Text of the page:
Health services for internally displaced families in Afghanistan

Health services for internally displaced families in Afghanistan

Sangingul, a young mother of six, was running out of hope. Her youngest daughter Marzia had recently contracted severe pneumonia, and the family had no money to draw on for treatment. She had witnessed her one-year-old growing weaker by the day and felt helpless, unable to address the health issues that were threatening Marzia’s life.

Fleeing in hope of a better life

Sangingul and her family live in Afghanistan’s Ghor province, an area home to many internally displaced peoples (IDPs). Conflict and natural disaster forced them and hundreds of other families to flee their unsafe districts in different parts of the country. They came to the capital Chaghcharan seeking safe living conditions. “We had a good life in our village,” says Sangingul, “but here everything is very hard. Neither the government nor the locals care about us. There is no happiness in this settlement. The only [positive] thing is that there is no fighting.” 

Sangingul’s husband works as often as he can as a day labourer. Sometimes there is work, and sometimes not, so the family struggles financially. “If my husband works and gets the job done, he will receive only $5 USD per day.” 

The family’s financial difficulties complicate access to health services. The cost of care, coupled with the need to travel a long distance to a health facility has meant that Sangingul has had to play the role of doctor when her children get sick. 

When Marzia came down with pneumonia, Sangingul drew on the only resources she had and started a home treatment using herbs, but to her disappointment the remedy didn’t work and Marzia’s condition worsened. “I was just praying,” she says. “I didn’t have money to rent a car to take her to a hospital…[or] have money to buy medicine.” The doors were all closing. 

“No money, no relatives and of course no hope. This is life. If you don’t have money, people will even refuse to greet you.” 

“What should I do?” Sangingul asks. “With the [little] money that my husband makes, we have difficulty even filling our children’s bellies. How are we supposed to take our children to a doctor or buy medicine when they get sick?” 

The closest clinic is an eight hour walk from the family’s settlement. “If we go to the clinic, they write us prescriptions to buy in the bazaar - but who can afford to buy the medicine? So we have to come back home without it.”

A sign of relief for mothers of sick children

Painful stories like Sangingul’s are common across the provinces of Badghis and Ghor, which host a large number of IDPs. In Chaghcharan alone, approximately 1,350 IDP families are without access to basic health services as the government does not have sufficient resources to meet their needs. 

Even before recent events led to large scale population displacement, the host communities in these two provinces performed poorly compared to the rest of the country in the health, education and WASH sectors. 

In response to the needs of 30,500 men, women and children in the IDP and host communities, World Vision Afghanistan has implemented the “Improved access to emergency health services in high risk provinces” project, funded by the Central Emergency Response Fund through the United Nations Office for the Coordination of Humanitarian Affairs (OCHA) and World Vision New Zealand.

Pictured: Children gather the Mobile Health Team provides health services.

The project provides mobile health services to uncovered IDP families/host communities in targeted locations in Chaghcharan and Qala I Naw.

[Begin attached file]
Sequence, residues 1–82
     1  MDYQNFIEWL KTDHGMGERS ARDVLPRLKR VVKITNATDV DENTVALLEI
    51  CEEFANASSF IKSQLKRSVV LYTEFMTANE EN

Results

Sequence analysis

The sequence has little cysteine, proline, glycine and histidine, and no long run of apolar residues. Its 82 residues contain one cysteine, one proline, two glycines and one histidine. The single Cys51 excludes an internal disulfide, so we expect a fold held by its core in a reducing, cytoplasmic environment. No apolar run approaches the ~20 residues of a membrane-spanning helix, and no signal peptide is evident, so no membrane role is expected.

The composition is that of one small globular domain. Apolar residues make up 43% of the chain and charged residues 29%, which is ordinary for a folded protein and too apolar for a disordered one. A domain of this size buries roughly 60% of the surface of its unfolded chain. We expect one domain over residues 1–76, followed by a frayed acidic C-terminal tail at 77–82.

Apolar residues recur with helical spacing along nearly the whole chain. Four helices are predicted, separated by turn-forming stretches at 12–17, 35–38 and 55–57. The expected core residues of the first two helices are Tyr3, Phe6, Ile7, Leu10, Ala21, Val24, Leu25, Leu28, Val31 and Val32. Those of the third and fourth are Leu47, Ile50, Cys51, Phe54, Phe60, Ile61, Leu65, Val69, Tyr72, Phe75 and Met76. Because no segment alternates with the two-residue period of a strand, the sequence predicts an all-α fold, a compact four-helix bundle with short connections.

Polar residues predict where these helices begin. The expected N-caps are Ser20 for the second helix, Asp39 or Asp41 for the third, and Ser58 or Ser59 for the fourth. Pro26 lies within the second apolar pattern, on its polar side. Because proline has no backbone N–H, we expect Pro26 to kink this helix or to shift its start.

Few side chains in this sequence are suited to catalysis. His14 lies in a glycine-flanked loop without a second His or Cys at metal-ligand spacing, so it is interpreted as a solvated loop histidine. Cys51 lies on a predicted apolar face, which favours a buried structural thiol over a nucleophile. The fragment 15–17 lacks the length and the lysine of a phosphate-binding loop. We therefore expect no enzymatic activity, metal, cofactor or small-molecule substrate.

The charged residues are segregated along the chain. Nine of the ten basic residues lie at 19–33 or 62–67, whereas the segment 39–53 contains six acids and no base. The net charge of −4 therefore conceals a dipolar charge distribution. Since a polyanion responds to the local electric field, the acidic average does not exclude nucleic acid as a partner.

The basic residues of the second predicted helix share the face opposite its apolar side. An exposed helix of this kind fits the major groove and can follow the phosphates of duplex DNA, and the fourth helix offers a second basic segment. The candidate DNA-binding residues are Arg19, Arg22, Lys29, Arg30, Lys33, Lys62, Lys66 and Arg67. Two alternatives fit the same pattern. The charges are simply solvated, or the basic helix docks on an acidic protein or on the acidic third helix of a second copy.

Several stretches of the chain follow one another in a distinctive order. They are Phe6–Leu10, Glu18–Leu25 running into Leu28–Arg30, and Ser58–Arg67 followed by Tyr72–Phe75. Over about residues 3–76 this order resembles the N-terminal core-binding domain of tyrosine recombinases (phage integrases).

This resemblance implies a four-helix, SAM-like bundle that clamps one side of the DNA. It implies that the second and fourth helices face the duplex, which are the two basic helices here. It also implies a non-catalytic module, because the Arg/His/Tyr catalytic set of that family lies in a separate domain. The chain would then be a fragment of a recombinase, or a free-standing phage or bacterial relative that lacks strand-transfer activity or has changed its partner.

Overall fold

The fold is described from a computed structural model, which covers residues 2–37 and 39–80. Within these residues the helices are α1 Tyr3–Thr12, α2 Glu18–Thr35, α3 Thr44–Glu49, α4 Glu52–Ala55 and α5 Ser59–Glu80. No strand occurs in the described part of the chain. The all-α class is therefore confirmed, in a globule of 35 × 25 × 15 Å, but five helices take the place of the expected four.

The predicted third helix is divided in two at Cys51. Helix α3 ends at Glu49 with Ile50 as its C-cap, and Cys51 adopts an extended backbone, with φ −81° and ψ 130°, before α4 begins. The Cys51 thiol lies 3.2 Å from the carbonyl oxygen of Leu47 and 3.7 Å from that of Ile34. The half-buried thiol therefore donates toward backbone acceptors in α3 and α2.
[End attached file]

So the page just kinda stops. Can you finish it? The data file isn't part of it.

In Chaghcharan, the mobile health team – made up of a doctor, midwife and vaccinator - operates five days a week providing free consultation and primary health care including maternal and child health, immunisation, public nutrition, essential medication and mental health and disability referral services based on Ministry of Public Health standards. 

This was the team that Sangingul saw when she thought she was out of options. “I was at the peak of desperation when I heard from our neighbours about a group of health workers coming to our area to examine sick people and give free medicine,” she recalls. “I don’t know how I [even had time to dress, because] I immediately took Marzia there for treatment.” 

According to Dr. Farjar, a member of the World Vision Mobile Health Team, “Marzia’s condition was very bad. She continually coughed and her breathing was not normal. We prescribed her baby antibiotics and gave her [mother] a consultation about [achieving] good nutrition from affordable food.”

Pictured: A woman is being checked by a midwife

The mobile team is usually able to see about 80 patients a day, including pregnant women and children. Most of them are poor and have difficulty accessing health services that are not free. 

“Most women who come here suffer from anaemia and their children mostly suffer from malnutrition, pneumonia and diarrhea,” says Dr. Farjar. “We provide them with counselling, awareness and education sessions around personal hygiene, vaccination [and other health issues].” 

Dr. Farjar adds that the patients who need additional care will usually be referred to advanced centres for treatment. “Last month we referred eight severely malnourished children to the pediatric hospital for advanced treatment."

A brighter future

Today Sangingul and her mother-in-law are visiting the World Vision health clinic, but not for any kind of medical reason. “[We] came here just to say thank you to the doctor and his team,” she says. “I have brought Marzia too!” 

She hoists the little girl onto her lap, tidies her hair and gives her a kiss. “Look, she is as healthy as if she had never gotten sick. The medicines I received from the team were very good. Thank you. God bless you.”